- Bar, Restaurant
- HK Island, Sheung Wan
- Address: ,208 Hollywood Road,Sheung Wan
- Website: http://www.208.com.hk/
- Open Hours: Monday-Saturday, Lunch, Happy Hour, Dinner; Sunday, Brunch, Lunch
- Capacity: 50
- Open Since: June 28th, 2023
- Phone: 2549-0208
- Rating: 4
- Cuisine: Italian, Pizza, Western
- Ambience: Alfresco, Trendy
Wine and Dine: Before Sheung Wan emerged as the foodie haven it is today, 208 Duecento Otto brought its rustic Italian food to the western end of Hollywood Road back in 2010 and paved the way for more delicious eateries to follow. Entrepreneur Yenn Wong of the JIA Group is behind this one — and also runs sisters restaurants Chachawan and Aberdeen Street Social.
Look & Feel: The two-story restaurant and bar has high ceilings, communal wooden tables, and a quieter upstairs dining room. Designed by Turkish designers Autoban, it takes inspiration from New York City’s Meatpacking district, and was one of the first restaurants in Hong Kong to embrace exposed steel and industrial vibes.
On the Menu: There are three food menus: one for bar nibblers, another for intimate dinners upstairs, and a third for brunch. In the bar area, expect more small and shareable bites like Neapolitan pizzas (from $168), calamari ($118), creamy burrata ($208). and various antipasti. Upstairs, find similar starters and antipasti spreads as well as larger main courses like a deliciously crispy chicken ($238), crumbed milk-fed veal chop ($398) and signature lobster fettuccine ($208).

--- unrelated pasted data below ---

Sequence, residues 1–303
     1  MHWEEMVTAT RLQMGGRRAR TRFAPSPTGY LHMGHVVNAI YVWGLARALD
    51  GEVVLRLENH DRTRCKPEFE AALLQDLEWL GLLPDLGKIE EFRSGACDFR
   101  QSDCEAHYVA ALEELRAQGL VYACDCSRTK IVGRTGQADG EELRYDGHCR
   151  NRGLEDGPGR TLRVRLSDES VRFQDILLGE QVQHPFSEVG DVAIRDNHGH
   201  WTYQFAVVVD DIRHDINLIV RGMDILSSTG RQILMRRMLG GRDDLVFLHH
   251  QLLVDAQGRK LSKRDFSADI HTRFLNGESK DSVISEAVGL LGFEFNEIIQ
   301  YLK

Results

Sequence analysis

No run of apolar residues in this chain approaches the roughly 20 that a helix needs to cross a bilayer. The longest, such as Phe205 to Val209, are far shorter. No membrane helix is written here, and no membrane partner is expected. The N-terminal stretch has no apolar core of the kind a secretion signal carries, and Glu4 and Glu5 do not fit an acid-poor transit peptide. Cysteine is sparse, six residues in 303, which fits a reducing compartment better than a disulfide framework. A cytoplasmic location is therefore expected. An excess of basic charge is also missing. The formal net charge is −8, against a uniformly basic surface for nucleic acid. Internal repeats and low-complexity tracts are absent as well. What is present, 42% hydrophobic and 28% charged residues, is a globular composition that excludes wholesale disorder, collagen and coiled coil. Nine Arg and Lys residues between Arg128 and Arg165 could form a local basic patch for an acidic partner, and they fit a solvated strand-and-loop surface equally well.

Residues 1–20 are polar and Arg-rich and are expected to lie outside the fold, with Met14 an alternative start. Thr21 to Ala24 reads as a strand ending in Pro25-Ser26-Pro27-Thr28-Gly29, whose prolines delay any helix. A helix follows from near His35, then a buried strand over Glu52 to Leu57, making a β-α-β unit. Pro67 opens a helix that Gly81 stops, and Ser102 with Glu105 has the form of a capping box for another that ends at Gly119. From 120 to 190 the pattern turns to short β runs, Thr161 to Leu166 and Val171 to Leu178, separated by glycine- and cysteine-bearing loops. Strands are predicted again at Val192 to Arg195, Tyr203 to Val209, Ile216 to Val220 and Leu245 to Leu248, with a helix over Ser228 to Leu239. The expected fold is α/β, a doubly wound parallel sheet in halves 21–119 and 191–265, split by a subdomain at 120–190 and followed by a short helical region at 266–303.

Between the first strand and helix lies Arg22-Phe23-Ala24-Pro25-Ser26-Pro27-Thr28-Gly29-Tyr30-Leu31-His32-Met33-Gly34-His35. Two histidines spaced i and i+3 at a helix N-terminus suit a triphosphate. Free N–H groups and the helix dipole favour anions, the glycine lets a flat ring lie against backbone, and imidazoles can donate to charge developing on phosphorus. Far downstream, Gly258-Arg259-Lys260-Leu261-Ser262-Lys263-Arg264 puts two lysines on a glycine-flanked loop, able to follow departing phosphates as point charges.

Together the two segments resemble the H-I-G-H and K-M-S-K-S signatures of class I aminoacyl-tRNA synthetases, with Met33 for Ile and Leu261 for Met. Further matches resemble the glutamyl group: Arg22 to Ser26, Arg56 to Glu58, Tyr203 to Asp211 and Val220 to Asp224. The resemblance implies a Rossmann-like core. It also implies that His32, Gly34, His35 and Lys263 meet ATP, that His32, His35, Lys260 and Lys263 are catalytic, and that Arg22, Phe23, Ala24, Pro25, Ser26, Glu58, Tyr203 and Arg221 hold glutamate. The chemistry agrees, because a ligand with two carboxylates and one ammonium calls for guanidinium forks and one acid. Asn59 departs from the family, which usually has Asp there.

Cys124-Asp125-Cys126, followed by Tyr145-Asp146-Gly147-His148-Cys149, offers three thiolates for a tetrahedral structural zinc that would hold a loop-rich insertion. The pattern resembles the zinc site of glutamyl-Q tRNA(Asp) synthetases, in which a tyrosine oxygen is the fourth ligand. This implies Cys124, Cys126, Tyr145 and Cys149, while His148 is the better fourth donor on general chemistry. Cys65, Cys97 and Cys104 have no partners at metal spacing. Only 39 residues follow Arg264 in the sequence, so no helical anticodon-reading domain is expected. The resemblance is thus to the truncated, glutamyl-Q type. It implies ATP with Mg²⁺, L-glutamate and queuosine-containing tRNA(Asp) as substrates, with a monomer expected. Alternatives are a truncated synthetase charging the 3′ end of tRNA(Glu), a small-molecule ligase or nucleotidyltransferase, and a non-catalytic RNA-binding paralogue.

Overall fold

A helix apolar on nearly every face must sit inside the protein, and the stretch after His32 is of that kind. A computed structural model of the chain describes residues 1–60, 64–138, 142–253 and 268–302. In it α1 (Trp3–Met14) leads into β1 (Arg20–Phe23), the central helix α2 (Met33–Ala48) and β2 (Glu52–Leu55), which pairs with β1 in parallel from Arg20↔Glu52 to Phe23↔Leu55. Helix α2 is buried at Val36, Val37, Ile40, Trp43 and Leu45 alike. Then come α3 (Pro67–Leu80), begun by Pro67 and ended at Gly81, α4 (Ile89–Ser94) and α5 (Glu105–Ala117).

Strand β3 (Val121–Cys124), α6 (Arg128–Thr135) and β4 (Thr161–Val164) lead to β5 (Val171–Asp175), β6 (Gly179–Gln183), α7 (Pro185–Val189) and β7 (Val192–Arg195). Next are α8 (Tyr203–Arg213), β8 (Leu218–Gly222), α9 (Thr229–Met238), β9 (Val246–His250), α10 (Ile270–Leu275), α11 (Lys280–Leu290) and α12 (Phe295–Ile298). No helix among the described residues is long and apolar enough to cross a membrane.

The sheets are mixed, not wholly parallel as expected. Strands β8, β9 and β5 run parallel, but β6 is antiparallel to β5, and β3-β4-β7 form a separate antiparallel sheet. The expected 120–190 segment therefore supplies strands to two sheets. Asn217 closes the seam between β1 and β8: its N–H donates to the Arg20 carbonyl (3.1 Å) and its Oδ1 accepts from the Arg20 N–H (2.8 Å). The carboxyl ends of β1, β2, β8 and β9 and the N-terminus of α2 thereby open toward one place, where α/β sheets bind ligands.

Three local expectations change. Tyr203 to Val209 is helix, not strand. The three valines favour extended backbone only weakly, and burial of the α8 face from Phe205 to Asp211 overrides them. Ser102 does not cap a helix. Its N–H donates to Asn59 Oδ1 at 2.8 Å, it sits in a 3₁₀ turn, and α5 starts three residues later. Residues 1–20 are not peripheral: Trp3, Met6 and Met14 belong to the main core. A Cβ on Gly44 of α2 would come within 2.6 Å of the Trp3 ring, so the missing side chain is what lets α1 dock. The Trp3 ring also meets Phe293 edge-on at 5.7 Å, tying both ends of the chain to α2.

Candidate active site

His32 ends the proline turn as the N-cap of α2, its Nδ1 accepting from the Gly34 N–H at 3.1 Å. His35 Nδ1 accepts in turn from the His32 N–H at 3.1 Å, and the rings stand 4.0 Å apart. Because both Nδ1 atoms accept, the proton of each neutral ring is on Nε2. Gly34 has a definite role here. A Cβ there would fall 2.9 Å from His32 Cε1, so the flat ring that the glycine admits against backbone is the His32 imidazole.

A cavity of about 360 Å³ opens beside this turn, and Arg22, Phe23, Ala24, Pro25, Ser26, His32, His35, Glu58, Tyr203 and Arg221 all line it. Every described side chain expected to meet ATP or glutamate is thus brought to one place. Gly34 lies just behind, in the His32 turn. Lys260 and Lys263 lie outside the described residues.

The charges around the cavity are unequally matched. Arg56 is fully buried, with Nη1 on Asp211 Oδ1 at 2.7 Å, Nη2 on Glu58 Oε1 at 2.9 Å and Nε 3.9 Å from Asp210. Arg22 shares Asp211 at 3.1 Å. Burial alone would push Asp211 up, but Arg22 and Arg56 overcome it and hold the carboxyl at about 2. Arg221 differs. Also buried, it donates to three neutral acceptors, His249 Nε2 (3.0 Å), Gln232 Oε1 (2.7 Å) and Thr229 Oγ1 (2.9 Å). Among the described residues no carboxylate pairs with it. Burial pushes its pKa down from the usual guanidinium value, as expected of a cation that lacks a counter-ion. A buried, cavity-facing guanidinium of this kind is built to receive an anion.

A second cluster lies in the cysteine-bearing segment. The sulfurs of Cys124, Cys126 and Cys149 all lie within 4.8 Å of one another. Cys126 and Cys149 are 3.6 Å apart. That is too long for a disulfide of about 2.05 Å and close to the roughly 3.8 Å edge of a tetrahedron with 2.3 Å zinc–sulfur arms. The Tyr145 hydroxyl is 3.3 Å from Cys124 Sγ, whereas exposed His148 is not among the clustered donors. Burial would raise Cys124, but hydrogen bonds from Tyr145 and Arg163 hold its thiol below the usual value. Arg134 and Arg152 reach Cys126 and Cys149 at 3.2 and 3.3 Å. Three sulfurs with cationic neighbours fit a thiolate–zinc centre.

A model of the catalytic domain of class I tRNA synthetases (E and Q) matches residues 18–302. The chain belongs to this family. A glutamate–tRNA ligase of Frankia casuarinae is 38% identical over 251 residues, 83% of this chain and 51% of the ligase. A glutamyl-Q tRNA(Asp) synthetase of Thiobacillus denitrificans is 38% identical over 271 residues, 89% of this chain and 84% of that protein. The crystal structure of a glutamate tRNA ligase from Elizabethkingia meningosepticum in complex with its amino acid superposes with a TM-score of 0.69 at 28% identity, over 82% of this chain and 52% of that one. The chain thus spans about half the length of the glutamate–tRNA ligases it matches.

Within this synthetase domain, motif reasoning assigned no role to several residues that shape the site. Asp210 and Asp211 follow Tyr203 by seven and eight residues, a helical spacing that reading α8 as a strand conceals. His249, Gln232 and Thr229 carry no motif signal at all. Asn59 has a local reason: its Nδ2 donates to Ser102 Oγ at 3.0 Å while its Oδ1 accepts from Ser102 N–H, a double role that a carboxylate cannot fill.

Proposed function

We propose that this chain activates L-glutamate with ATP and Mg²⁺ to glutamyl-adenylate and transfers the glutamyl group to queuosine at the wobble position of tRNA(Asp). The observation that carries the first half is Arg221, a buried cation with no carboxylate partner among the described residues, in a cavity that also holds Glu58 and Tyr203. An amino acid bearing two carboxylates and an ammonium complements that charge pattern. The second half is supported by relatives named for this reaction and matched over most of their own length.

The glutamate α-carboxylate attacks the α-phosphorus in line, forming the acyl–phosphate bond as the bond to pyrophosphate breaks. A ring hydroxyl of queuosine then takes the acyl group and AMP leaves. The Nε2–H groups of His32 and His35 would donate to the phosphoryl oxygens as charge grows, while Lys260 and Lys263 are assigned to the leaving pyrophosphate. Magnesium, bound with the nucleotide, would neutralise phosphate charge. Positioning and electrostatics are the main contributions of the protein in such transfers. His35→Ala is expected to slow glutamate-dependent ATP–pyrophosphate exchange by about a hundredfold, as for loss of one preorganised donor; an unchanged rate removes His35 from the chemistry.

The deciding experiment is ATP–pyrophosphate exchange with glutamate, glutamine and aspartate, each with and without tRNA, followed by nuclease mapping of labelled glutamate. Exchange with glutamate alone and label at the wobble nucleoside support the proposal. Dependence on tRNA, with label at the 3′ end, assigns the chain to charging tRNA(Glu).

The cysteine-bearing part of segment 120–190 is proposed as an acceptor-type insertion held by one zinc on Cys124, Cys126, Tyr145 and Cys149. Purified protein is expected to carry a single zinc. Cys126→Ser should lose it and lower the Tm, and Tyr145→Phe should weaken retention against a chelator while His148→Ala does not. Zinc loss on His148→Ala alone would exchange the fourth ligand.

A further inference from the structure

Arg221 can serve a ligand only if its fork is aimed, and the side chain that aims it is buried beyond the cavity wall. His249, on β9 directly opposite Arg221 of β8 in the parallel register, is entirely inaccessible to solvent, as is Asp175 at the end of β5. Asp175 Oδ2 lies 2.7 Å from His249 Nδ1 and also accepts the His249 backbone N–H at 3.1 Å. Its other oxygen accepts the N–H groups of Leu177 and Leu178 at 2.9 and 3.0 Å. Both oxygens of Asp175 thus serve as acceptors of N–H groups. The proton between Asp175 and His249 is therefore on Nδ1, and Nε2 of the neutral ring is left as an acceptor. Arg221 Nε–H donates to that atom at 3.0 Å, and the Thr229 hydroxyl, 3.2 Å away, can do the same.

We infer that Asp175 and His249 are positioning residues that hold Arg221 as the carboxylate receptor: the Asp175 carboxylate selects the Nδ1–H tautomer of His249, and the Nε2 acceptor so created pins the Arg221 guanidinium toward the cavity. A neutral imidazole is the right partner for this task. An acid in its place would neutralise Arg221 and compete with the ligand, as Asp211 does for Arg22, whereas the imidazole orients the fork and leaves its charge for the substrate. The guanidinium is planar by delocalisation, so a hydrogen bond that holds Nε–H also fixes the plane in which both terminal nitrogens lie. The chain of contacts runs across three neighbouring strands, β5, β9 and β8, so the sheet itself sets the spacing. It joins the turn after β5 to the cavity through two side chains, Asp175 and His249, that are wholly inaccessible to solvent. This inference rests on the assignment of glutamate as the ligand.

Service: If you asked us two years ago, we would’ve said the service at 208 was deplorable. But it’s definitely gotten notably better over time, so hats off for the extra effort.
Jeng: This 4,000-square-foot bar/resto does a lot of things right, including the daily happy hour (buy one, get one free wine/house spirits/beer/prosecco from 3-6pm), the poached egg appetizer, and the pizzas (our favorites are the Parmigiano di Melanzane ($168) and the Diavola ($198)). Behind the bar, we are big fans of the double-barrel-aged Sazerac ($110), the Negronis ($100), and the 20 wines by the glass (from $60).
Not So Jeng: Despite its status as as house signature, the 208 Fetuccine all’Aragosta ($208) was pretty disappointing. The creamy sauce lacked complexity and the Boston lobster chunks felt a little meager. The downstairs area accepts walk-ins only, so forget trying to roll up with a party of 10.
Great For: After-work drinks, weekend brunch, intimate dinners.
FYI: The resto comes complete with a specially designed Napoletana pizza oven — so that’s why the pizzas are so wonderfully crispy.
This writeup was based on an independent tasting. The Loop doesn’t guarantee/sell restaurant review coverage. See our editorial policy here.